Facebook hoaxes about missing UK children use old photos from the US

26 April 2023
What was claimed

A photograph shows a child who has been found in the UK and the user needs help locating their parents.

Our verdict

The posts are hoaxes. They all use near-identical text claiming a child has been found in multiple different locations, and use old photos of children in the US.

Multiple Facebook posts claim that a child is lost in the UK and appeal for help to find their parents. However, the posts are hoaxes and use old photographs of children from the US.

The posts use almost identical text, claiming that a child has been found “walking behind a home” and that their mother’s name is Wendy. But there are multiple versions of the posts that use different names, photos and locations. 

One post, which appeared in a Rochester buy and sell group, says: “This baby (Chloe) was found today walking behind a home in #rochester , we can't find her parents, the neighbours don't know her or how she got there. She says her mom’s name is Wendy Let's bump this post so it may reach her family, thank you. [sic]”

Other posts using the name Chloe and the same photograph appear in community groups for Alvechurch (Worcestershire) and Belfast. A reverse image search shows that the photo used in these posts comes from a Facebook post made by a charity based in Louisiana, US, in August 2022 about a donation of car seats. 

Other versions of the hoax use the same text, but a photograph of a little boy that they claim is named Jonathan. They also appear in community groups across the UK, including in Featherstone (Wakefield), Kettering (Northamptonshire), Deysbrook (Liverpool) and Basildon (Essex). These posts use a photo of a child that comes from a 2020 local news article about a lost boy in Iowa, US.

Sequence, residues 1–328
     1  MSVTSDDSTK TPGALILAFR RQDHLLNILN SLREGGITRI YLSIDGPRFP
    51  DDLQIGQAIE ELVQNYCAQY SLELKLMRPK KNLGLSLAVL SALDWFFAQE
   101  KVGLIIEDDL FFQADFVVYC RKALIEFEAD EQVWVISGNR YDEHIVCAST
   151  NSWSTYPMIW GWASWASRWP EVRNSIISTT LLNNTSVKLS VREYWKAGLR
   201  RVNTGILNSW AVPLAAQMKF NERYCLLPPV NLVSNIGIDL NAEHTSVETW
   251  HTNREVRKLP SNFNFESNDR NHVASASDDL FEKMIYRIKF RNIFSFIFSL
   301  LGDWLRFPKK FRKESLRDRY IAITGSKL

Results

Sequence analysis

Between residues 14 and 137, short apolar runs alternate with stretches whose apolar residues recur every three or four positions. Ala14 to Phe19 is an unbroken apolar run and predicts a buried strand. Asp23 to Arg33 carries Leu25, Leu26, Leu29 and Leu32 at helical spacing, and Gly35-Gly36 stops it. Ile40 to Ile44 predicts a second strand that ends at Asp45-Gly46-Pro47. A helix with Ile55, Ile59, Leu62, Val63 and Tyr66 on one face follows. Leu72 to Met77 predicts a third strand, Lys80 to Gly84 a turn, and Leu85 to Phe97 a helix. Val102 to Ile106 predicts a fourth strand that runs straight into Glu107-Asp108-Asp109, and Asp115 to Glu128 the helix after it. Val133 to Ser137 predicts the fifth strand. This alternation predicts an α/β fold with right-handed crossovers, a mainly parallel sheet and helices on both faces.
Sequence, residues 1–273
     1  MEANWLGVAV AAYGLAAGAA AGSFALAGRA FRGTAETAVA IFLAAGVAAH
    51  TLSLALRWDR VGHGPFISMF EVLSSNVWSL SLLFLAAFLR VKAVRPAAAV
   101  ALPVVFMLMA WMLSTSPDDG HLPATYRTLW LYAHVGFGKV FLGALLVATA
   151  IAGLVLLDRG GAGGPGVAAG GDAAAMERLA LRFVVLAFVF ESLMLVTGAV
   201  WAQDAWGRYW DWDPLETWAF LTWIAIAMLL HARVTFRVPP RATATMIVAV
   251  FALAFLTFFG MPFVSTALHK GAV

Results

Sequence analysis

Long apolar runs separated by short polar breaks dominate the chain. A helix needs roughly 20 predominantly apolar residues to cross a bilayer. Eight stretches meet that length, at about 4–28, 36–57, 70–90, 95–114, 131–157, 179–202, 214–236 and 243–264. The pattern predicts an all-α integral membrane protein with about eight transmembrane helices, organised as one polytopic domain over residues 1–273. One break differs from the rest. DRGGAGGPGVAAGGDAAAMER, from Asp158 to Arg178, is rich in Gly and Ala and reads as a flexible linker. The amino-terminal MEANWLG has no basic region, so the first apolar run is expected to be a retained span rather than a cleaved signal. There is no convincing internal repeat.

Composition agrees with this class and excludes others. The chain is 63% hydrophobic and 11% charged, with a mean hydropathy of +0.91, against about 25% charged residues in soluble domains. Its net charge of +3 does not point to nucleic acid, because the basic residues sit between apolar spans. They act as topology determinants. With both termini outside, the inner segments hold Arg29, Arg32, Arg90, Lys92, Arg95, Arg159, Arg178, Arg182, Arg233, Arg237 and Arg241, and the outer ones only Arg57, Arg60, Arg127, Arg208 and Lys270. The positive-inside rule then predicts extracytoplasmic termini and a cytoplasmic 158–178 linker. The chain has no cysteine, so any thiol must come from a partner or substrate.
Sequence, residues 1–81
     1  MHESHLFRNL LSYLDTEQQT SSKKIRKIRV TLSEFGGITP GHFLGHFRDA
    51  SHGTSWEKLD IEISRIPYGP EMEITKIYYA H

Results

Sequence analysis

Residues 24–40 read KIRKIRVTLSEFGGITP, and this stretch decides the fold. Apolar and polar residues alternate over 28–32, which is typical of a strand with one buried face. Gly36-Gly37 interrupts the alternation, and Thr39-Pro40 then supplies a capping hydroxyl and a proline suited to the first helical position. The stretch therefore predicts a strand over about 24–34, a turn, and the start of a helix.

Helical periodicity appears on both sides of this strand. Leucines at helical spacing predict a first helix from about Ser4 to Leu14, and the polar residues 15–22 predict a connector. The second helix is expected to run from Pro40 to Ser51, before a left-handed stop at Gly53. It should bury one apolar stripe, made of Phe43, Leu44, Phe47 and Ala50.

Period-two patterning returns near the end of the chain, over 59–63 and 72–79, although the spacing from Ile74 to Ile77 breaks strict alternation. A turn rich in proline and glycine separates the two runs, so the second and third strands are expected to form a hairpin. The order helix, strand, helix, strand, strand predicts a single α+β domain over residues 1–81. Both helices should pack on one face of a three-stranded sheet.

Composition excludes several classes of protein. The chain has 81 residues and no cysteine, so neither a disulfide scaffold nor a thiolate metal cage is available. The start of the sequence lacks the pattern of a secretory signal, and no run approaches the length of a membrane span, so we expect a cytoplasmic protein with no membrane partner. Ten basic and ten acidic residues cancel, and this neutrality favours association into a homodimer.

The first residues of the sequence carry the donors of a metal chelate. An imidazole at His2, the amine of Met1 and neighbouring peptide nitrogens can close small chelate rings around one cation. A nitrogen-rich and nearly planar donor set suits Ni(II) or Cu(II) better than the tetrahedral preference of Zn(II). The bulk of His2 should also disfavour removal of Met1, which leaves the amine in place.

Another variation of this post uses the same text, but with a different photo of an older child who is also allegedly called Jonathan. Full Fact found that this photo was originally used in a 2017 post published by Fox 5 Atlanta, about a missing child in Clayton County, Georgia.  

Another useful clue that these posts are hoaxes is that nearly all of them have their comment sections disabled, which prevents people from calling out the posts as fake. Derbyshire Police has previously warned social media users against sharing Facebook posts about missing people with the comments disabled. 

Full Fact has written many times before about similar hoax posts, such as missing children, abandoned infants or injured dogs.   

Hoaxes pose a risk to user engagement with local community news because groups can become overwhelmed with false information. As a result, genuine posts may be ignored or dismissed as false. 

We have written to Meta expressing these concerns and asking the company to take stronger action in response to this problem. 

Image courtesy of Book Catalog

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